The Obama-Trump Foreign Policy: Two Sides to the Same Coin


Nick Morgoshia, Assistant Forum Editor

After loading up on a daily dose of Trumpian bile, revisiting President Obama’s speeches, social media posts, and interviews is a breath of fresh air. Of particular resonance is the idea that Obama’s composure, gentle temperament, and oratorical mastery – qualities that President Trump has repeatedly failed to demonstrate – bolstered America’s global standing and ensured the utility of US foreign policy. “Obama was not an international embarrassment to this country… he did not praise our enemies and demean our allies,” the argument has it.

All that is well, but it is crucial to distinguish political potential and rhetoric from the actual ebb and flow of policy. Just because Obama had all the traits one might ask for in the leader of the free world does not mean he was an effective leader of the free world; in fact, if we interpret the “leader of the free world” to mean someone who supports carrying on the burdens of global US leadership, he was anything but.

Obama, much like Trump, supported shrinking the US role on the world stage. As foreign policy pundits Bill Kristol and Tom Donnelly aptly put it, “Trump speaks in the voice of the deplorables, Obama in the voice of the deploring, but the messages are similar: America must learn to step back from its previous global responsibilities.”

Helsinki, Finland. Early afternoon. After days of speculation about how the Trump-Putin meeting might unfold, President Trump emerged out of his one-on-one with the Russian leader to do the unthinkable: absolve Putin and his minions of any allegations of wrongdoing in the 2016 election interference. Although no doubt shocking, the statement was long coming given Trump’s panoply of friendly overtures towards Russia. And as far as amicable gestures are concerned, Trump and Obama are not much different.

In 2009, Obama sent his Secretary of State, Hillary Clinton, to present a red button with the word “reset” to Foreign Minister Sergei Lavrov in an effort to improve relations with Russia. Putin had already demonstrated that his administration is not worthy of American trust by fanning separatist flames throughout Europe, hampering NATO’s geopolitical interests in the Baltics, and invading the small country of Georgia, the chief US ally in the Caucasus region.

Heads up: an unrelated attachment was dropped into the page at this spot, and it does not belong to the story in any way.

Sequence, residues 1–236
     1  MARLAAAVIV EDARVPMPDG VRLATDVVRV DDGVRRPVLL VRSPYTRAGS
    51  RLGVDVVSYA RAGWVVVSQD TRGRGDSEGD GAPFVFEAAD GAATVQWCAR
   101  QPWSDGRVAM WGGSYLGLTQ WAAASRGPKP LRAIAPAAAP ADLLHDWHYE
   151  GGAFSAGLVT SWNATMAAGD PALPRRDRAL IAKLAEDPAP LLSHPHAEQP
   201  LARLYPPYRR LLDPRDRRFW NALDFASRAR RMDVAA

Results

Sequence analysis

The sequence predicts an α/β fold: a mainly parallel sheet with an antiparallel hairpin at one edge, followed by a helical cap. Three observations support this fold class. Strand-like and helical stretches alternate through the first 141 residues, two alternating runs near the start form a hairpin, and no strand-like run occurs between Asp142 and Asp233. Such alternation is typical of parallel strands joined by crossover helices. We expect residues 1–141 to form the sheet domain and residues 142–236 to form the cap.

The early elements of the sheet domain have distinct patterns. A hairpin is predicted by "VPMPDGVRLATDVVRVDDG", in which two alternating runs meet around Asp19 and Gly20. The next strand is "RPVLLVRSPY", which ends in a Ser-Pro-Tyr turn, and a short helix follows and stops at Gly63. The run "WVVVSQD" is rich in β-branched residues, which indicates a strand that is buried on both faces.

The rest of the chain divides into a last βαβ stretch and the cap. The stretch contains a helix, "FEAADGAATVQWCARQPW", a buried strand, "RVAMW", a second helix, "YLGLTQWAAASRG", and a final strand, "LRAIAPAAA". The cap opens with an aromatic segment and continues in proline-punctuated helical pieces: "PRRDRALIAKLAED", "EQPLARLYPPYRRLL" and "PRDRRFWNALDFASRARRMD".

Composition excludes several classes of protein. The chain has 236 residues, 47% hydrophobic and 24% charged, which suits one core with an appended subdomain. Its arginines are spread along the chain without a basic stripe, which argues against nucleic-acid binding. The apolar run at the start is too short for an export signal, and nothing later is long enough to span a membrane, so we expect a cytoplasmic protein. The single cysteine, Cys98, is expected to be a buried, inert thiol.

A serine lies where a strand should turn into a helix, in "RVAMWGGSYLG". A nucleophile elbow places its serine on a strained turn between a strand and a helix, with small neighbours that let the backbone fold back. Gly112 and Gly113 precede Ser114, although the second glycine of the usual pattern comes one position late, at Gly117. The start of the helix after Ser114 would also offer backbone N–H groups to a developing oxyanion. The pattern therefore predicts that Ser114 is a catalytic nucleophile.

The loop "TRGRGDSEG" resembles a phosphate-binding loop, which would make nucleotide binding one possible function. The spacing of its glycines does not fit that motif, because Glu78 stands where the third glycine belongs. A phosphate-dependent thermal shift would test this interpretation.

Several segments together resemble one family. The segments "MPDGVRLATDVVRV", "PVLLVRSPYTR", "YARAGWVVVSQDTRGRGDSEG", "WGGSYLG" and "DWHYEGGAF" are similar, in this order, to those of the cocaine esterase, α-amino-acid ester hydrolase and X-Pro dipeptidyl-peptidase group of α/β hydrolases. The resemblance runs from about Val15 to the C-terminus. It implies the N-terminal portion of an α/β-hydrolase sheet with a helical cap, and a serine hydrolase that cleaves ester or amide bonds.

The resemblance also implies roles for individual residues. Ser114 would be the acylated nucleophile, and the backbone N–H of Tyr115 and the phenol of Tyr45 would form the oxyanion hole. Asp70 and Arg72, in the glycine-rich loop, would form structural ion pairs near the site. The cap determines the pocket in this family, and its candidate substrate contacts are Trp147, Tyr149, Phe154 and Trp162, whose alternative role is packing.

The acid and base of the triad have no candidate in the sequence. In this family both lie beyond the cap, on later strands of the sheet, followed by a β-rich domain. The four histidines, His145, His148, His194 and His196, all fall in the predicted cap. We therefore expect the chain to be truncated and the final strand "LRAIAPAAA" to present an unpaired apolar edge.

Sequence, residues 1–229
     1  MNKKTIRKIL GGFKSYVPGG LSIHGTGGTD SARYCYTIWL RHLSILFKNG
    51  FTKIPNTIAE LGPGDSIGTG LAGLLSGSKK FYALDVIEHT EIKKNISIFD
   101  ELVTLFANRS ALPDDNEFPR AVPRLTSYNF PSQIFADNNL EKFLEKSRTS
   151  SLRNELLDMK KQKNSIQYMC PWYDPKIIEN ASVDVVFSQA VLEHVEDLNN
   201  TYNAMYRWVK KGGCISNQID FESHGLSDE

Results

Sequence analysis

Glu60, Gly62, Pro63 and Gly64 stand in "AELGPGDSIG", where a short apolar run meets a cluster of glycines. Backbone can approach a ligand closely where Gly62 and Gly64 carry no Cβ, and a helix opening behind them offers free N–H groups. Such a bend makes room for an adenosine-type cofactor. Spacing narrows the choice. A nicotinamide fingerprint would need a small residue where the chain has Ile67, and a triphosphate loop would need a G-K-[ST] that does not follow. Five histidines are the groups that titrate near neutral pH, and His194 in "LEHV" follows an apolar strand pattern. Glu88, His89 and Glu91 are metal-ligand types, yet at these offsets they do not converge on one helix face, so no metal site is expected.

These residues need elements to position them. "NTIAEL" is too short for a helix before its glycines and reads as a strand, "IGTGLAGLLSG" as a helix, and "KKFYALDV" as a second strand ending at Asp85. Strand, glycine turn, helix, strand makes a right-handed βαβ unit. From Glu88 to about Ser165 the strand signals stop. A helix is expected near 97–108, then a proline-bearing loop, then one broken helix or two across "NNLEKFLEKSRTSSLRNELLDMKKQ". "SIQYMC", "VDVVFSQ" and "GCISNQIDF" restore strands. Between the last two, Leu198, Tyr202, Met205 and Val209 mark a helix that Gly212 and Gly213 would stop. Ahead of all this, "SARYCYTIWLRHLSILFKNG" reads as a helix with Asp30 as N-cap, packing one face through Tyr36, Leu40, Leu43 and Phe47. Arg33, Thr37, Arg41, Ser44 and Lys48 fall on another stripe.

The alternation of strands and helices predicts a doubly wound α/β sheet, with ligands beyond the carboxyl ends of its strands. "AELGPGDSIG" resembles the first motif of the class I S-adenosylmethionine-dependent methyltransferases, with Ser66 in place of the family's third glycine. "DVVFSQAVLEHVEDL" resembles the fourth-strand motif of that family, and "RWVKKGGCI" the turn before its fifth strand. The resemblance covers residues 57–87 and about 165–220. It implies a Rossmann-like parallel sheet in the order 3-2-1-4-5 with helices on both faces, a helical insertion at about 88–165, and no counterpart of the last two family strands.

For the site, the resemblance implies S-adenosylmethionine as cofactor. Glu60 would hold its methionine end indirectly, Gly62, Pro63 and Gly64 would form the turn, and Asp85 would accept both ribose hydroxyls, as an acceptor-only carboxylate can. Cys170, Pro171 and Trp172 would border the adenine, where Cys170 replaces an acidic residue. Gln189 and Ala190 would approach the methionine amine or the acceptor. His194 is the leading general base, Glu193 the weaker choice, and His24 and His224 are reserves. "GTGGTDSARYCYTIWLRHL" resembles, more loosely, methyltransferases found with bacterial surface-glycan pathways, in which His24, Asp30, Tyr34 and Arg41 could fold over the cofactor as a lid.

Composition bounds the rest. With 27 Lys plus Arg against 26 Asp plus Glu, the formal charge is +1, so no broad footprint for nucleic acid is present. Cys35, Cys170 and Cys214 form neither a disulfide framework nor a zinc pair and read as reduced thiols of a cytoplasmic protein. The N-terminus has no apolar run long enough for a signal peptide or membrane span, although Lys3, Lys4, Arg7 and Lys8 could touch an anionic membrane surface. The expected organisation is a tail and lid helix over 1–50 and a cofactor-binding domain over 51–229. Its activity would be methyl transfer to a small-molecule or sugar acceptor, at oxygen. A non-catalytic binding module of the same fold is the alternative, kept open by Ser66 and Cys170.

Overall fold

Why would Obama extend a hand to someone who has been living the idea of undermining America’s international leadership for years? For the same reason Trump favors appeasing and getting along with Putin today. The US should no longer strive to be the uncontested world leader, the Obama-Trump logic has it. If Putin wants to exert Russian impact over his country’s historic sphere of influence, so be it. This explains why Obama refused to provide lethal aid to Ukrainians in their fight against Russia-based insurgency. It also explains why Trump has admitted to questioning if America’s sons should help defend Montenegro, a US partner and the newest NATO member.

Then there is the ever-salient Middle East. As a presidential candidate in 2008, Obama campaigned on the promise of withdrawing US troops from Iraq and Afghanistan. Following drastic reduction of troops in both countries under his watch–particularly in the case of Iraq, where the war officially concluded in 2011–the region became a playground for such terrorist groups as ISIS, Al-Qaeda, and Jabhat al-Nusra.

Even as the timing of Trump’s presidency presented a unique opportunity to learn from his predecessor’s mistakes, Trump seems to have all but realized that the only option worse than staying in the Middle East is not staying in the Middle East. As Trump hastens to depart from Syria within the next couple of years, extremist groups and a menage of Russian, Iranian, and Turkish forces are already vying to fill the vacuum left behind by the US. Look no further than the July 2018 meeting of said nations in the Russian city of Sochi to discuss reconstruction of Syria – the US was not deemed relevant enough to have a seat at the table.

Many aspects of Obama and Trump’s take on the US foreign policy are the same. So is my response to each president: a world without America is less safe and peaceful. For America to abandon the role it has played since WWII is to permanently change the course of history for the worse, for Americans and people across the globe alike.